1. How to export a chart

To understand how to export charts, let’s work on the following example:
Right-click on the chart area to display the contextual menu and select Copy. Alternatively, if the chart is already selected, use the shortcut CTRL+C to copy the object to the clipboard. Go to MS Word or MS Powerpoint, right-click anywhere on the blank page/slide (or any open document) and select one of the Paste Options (see picture to the right). Depending on which option you choose here, you will import a snapshot of the chart, an “embedded” object with the possibility to change the appearance of the chart directly in MS Word (without having to use MS Excel), a “linked” object with the possibility to update the chart whenever the original data in the MS Excel file is modified…
1. The “embedded” chart:
This first icon (Use Destination Theme & Embed Workbook) gives you the possibility to import the chart and to later modify its appearance directly in MS Word or Powerpoint. What you need to remember is that the data series contained in the imported chart are embedded at the moment of the transfer. This means that you may change titles, colors, fonts as well as the size and position of any of the elements contained in the chart area at all times, without the need for the original worksheet to be active in MS Excel. You may even choose to change chart type (for instance from bar chart to line chart) without opening MS Excel. Most of the options are accessible via a right-click on the chart area or the plot area. The contextual menu that you get is globally equivalent to the one that you would have had access to in MS Excel. Also, once the chart is pasted in MS Word and selected, the Chart Tools options with the tabs Designand Format and their respective ribbons become available in the MS Word menu bar.
There are a couple of things that you absolutely need to consider/remember when you use this first icon:
1) Modifying the chart or the data series in MS Excel AFTER having exported it into MS Word (or Powerpoint) has no consequence or effect for the chart in MS Word (or Powerpoint).
2) Modifying the chart in MS Word (or Powerpoint) has no consequence for the chart or data series in the original MS Excel file UNLESS you have clicked on Edit Data... (see below).

Clicking on Edit Data... opens the original worksheet and allows you to modify the data series. Any modification applied to the data series at that moment will not only change the chart that is currently in the Excel worksheet, but also the imported chart in MS Word.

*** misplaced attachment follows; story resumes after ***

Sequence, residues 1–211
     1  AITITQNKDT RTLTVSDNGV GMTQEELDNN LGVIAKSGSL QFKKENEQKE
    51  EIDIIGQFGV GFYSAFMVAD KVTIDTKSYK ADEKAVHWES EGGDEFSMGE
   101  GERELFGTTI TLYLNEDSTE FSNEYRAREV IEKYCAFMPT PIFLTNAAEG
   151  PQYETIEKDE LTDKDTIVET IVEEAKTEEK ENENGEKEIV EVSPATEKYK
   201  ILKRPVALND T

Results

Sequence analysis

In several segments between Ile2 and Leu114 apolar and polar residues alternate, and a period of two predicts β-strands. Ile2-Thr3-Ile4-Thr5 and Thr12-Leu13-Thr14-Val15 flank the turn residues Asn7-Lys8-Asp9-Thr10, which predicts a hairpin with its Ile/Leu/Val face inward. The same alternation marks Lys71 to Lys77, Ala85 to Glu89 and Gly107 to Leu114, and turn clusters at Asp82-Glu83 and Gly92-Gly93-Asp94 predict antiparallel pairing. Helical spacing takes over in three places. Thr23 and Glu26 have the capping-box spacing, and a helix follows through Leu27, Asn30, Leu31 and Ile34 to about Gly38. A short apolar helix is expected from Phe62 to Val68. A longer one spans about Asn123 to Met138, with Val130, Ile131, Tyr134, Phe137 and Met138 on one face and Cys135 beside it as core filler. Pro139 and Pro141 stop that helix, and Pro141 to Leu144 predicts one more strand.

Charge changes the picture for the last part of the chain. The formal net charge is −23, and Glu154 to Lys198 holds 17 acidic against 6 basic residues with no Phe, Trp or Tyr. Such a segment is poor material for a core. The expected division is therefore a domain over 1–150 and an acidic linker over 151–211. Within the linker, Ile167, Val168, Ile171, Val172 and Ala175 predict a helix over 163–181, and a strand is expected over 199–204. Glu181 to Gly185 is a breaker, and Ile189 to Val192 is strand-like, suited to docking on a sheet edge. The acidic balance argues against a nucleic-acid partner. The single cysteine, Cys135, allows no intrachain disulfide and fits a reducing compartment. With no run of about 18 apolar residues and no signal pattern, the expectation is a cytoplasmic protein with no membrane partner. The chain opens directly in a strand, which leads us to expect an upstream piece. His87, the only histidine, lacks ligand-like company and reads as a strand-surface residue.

2. The “linked” chart:

The third icon (Use Destination Theme & Link Data) gives the possibility to import a chart which is dynamically linked to the original worksheet in MS Excel. Just like for the “embedded” case, the elements of the chart are modifiable at all times. The big difference is that modifications to data series in MS Excel that occur AFTER the transfer with copy/paste will change the content of the chart in both MS Excel and MS Word (or Powerpoint). It might therefore be a bit dangerous to use that option if you still need to work on the original dataset. Making a mistake in MS Excel will also result in a mistake in MS word, and it might be hard to keep control on everything…  Note that there is, in MS Word, a button called Refresh Data in the section Data of the Design tab of the Chart Tools (see below). Use it if you want to synchronize your data between MS Excel and MS Word.

3. The snapshot:

This fifth icon Picture pastes a snapshot of your MS Excel chart. Clicking on this icon converts whatever you have selected in MS Excel into a flat picture. There is no data embedded in the picture, nor can you modify the elements of the chart. This option is certainly the safest option if you are afraid to make mistakes once the chart has been imported. On the other hand, this option is less practical if you wish to tune your chart (change size, titles and colors) after importing it.

4. Other options:

The second and fourth icons give roughly the same results as the first and third icons, respectively. There is “just” a difference in the theme that the “import/export” function will apply to your chart when pasting it. While the icons described above make use of the destination theme (the one in MS Word) to adapt the chart to the local environment, the two other icons keep intact the source formatting (the one in Excel).

5. So which one should I use?

If you consider that your chart is complete and that the way it looks (colors, font, size, data) is definitely the way it has to be in your report, then the easiest is to use the snapshot method. If your chart is almost final, but you want to keep the freedom to modify some parameters (titles, colors…), then use the “embedded” chart.
If you want to put your chart in a report but feel like there is still a lot to do before the chart is acceptable (possibly some data series have to be corrected too…), then use the linked chart.
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